Monthly Archives: April 2012

Sucker punch

Jeffrey Stern, Esq. of New Jersey law firm Stern Law LLC reports on a recent decision of a Pennsylvania court (Gallagher v. Urbanovich, No. 2010 – 33418, C.P. Mont. Co. Feb. 27, 2012) where the judge allowed a man claiming he was sucker-punched during a work-sponsored soccer game to investigate the Facebook page of his alleged… Read More »

Deepwater rafting

This short post contains something new and something not quite so new! In the “not quite so new” corner, The Times reports (April 25th 2012) that a BP engineer has been charged with allegedly trying to destroy evidence about the true scale of the Deepwater Horizon oil spill. The interestingly named Kurt Mix is alleged… Read More »

Academia meets the real world

Talking to Patrick Burke of Guidance Software recently I learned that he is an adjunct professor at the Benjamin N. Cardozo School of Law in New York. Apart from being Senior Director and Assistant General Counsel at Guidance, Patrick gives of his time to teach law students about the delights of e-discovery. It must be… Read More »

E-cigarettes can be bad for you..

I was drawn to the case of the unfortunate Tom Holloway (no relation I assure you) of Niceville, Florida by the headline in “E-Cigarette Blows Up in Florida Man’s Mouth…” Poor Tom was smoking an electronic cigarette at home when it exploded in his mouth, knocking out his teeth and part of his tongue and causing a… Read More »

The wood for the trees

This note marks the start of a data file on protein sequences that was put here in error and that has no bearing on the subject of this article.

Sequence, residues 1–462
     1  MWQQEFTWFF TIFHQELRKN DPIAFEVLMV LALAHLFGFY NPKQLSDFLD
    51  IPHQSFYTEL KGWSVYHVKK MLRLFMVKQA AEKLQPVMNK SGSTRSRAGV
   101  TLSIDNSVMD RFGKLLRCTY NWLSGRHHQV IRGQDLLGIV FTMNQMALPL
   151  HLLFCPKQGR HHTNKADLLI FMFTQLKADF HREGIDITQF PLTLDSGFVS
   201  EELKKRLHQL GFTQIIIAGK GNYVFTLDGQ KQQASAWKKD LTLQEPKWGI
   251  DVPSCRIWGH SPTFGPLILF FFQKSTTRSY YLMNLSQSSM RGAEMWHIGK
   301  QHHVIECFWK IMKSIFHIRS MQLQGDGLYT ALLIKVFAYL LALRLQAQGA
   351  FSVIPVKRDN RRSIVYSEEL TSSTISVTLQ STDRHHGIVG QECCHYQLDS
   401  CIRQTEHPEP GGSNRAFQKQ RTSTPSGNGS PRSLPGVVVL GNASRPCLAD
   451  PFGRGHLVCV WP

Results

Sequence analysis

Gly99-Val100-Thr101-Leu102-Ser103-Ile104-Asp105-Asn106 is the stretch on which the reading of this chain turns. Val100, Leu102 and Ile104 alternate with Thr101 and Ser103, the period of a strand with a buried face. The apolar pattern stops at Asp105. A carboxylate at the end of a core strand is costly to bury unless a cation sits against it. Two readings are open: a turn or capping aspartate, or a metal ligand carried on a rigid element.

If you become so caught up in the smallest detail that you fail to understand the bigger picture, you may say that you cannot see the wood for the trees. I am NOT about to break my promise to defer further detailed comment on the predictive coding saga rumbling around the US at present. My… Read More »

Doggett docket and duck

Easter Saturday saw the 158th Annual University Boat race between Oxford and Cambridge. As is now well known, the race resulted in a hollow victory for Cambridge after a self styled anti-elitist campaigner with a degree in contemporary urbanism from the LSE narrowly failed in his bid not only to have his head neatly removed… Read More »

Hunger Games

Set in post apocalyptic America now called Panem, Hunger Games is the first book in a trilogy by Suzanne Collins recently made into a film. The plot is complicated but a synopsis can be found in Wikipedia. For present purposes, Panem consists of Capitol, a rich and powerful city and 12 districts under its firm… Read More »

Troll models

Scandinavian folklore is, to my mind, dark and rather menacing. I am sure that there are exceptions but most of the creatures described are unpleasant and possibly even terrifying; think Tolkien’s Lord of the Rings trilogy and the myriad monstrous creatures depicted and you will understand what I mean. It is, therefore, not altogether surprising… Read More »